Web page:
Actress Milana Vayntrub Opens Up About Her Abortion
Milana Vayntrub had an abortion 10 years ago—and she's not ashamed.
This week, the actress wrote an op-ed for The Daily Beast detailing her experience with labor, her previous abortion and her desire for the Senate to pass the upcoming Women's Health Protection Act (WHPA).
Vayntrub's son was "sunny-side up," as she put it, pressing against her spine in a delivery that left her with such intense pain, she felt like her back was breaking with every contraction. In the end, she said, the experience was worth the agony—but only because of her circumstance.
"Birth was bearable because I had chosen it," Vayntrub said. "I could only manage the nausea, pain and expenses (financial and emotional) of pregnancy because I wanted a child. Now that I've experienced a full-term pregnancy and given birth, I find myself thinking about how imprisoning it would be to go through this if I didn't choose it."
Ten years ago, Vayntrub found herself in that exact situation: pregnant and not in a position to carry a baby to term.
"I immediately knew the right thing to do was to have an abortion. There was no hand-wringing, no confusion, no sleepless nights, " Vayntrub said. "My compass pointed very clearly in the direction of not bringing a child into the world that I did not want and could not care for."
Within two weeks, Vayntrub had a quick surgical abortion. "My abortion story is uncomplicated and straightforward, based on a decision that was all my own. I understand this is a privilege. I also understand that access to abortion should never be a privilege—it should be a protected right."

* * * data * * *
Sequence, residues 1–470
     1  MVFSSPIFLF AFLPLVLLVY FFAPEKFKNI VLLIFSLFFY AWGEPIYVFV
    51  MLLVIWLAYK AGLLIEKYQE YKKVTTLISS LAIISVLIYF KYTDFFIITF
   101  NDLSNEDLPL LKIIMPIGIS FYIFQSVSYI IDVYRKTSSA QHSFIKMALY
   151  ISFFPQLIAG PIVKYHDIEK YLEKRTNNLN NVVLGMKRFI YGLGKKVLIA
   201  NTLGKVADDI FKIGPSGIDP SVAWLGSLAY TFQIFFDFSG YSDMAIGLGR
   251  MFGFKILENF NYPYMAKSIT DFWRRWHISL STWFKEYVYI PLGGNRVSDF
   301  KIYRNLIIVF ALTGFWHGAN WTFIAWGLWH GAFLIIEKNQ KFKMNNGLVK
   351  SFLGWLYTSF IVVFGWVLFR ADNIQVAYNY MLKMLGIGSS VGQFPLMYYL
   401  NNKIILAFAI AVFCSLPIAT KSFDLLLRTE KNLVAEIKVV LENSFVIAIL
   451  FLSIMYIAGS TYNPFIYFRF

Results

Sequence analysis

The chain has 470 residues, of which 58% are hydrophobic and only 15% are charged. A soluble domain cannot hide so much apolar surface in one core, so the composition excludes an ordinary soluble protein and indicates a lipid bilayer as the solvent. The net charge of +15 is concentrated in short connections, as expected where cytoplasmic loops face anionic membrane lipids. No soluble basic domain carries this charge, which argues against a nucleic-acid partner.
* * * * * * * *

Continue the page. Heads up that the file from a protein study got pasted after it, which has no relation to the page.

Having children is not easy, Vayntrub acknowledged. "I know the toll of sleepless nights and a torn body, the necessity of support, the pause it puts on your career, relationships and goals," she said. "I cannot fathom the cruelty of enduring all this plus a lifetime of child-rearing if you do not want it."
Vayntrub's op-ed comes ahead of the Senate's vote on WHPA, an act that would "protect a healthcare provider's ability to provide abortion services," according to the official document. As such, Vayntrub urged the public to contact their senators. "We need to get their attention every way we know how—email, letters, calls, protests and, of course, that one precious vote we each have," she emphasized.
Vayntrub is grateful for her son and the choice she had in her own family planning. "For so many reasons, I am grateful for the beautifully boring abortion I had and the essential health care I received," she said. "Mainly because today, I can show up for my little person with open arms, knowing I've chosen our life together."
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